So for me it was really important to do that because, again, I think we infantilize these formerly enslaved people when they tell us these stories and we say, ‘Well, we don’t know how we can tell …’ There are instances in which we can now for sure, without a doubt, without a question.

It just simply took me saying, ‘I need to do this because I know that people are gonna question what these people have to say. And here are the documents. Here are their receipts.’

You illustrate that white women developed workarounds for relinquishing their assets to their husbands upon marriage. I thought about the way marriage is often prescribed to poor black people as a mechanism for closing the racial wealth gap, as if the reason there are so many poor black children is because their parents aren’t married.

These women know what’s going to happen to them when they get married. They understand that if they own anything, it becomes their husband’s. Not only do they know those things beforehand, but they know that the law will eventually cripple them in really important ways that would allow for them to be financially stable and autonomous, would allow for them to have a legal identity separate from their husband.

Parents know this. The girls know this. The women know this. And they work around the law. They figure out how they can preserve some measure of financial security, in this particular case through the ownership of human beings, the ownership of enslaved African-Americans.

It’s really laughable that people would argue that for a black woman marrying someone would actually be a economic benefit for that. It’s laughable because you can actually see white women fighting very hard to avoid the financial disability that comes with marriage, that are built into the institution of marriage.

If you look at these [white] women and the gymnastics that they engage in in order to circumvent these disabilities that come with marriage, when it comes to their economic well-being, you realize that if it doesn’t work for them, it sure as hell ain’t gonna for the black woman.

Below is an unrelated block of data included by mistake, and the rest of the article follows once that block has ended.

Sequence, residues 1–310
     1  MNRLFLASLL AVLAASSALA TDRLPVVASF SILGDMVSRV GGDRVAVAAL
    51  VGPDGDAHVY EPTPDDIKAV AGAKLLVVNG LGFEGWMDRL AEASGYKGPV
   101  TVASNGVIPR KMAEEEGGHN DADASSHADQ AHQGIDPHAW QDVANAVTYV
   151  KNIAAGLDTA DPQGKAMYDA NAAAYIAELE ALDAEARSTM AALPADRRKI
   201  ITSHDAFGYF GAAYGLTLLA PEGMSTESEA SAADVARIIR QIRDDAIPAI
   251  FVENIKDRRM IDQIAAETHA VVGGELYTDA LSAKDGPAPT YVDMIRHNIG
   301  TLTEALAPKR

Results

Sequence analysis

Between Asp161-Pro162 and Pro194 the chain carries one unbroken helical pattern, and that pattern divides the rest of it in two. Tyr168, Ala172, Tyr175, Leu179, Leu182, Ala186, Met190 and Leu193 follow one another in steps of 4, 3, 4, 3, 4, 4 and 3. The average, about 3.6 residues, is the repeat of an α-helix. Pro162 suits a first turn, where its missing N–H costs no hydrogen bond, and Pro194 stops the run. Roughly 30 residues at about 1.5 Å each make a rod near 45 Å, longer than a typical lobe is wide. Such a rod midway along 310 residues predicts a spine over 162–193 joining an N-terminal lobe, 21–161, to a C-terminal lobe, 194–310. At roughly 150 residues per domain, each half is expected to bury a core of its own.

You don’t provide concrete numbers regarding the number or percentage of white women who owned enslaved people. Why not?

Because the number of women who owned enslaved people in the 19th century alone is so extraordinarily large that I could not collect and analyze that data in the time that it took me to write this book by myself. This is something that is something that I’m doing now. I’ve begun a project that is looking at selected cities and rural areas in the South, both in 1850 and 1860, in order to try to get a kind of just a slight, a basic understanding of slaveholding patterns amongst white women throughout the South during these two decades to try to understand the broader phenomenon.

South Carolina has bills of sale for property transactions from the 1700s to pretty recently. I looked at a sample of 3,000 bills of sale involving enslaved people being purchased or sold. Close to 40 percent of the bills of sale included either a female buyer or a female seller.

The documents are there to collect this data. I believe that if these other data sets are suggestive of anything, it would suggest that the number is far greater than we have imagined that they were before. The numbers, although they aren’t in the book, they are forthcoming. But they suggest exactly what I show, that white women were deeply invested economically in the institution of slavery and in the bondage and oppression of enslaved African-Americans.

‘Traffik’ star Laz Alonso joins superhero series and says attending an HBCU is like going to Wakanda for four years ‘You’re supported, encouraged by each other and allowed to explore who you are as a black person in society’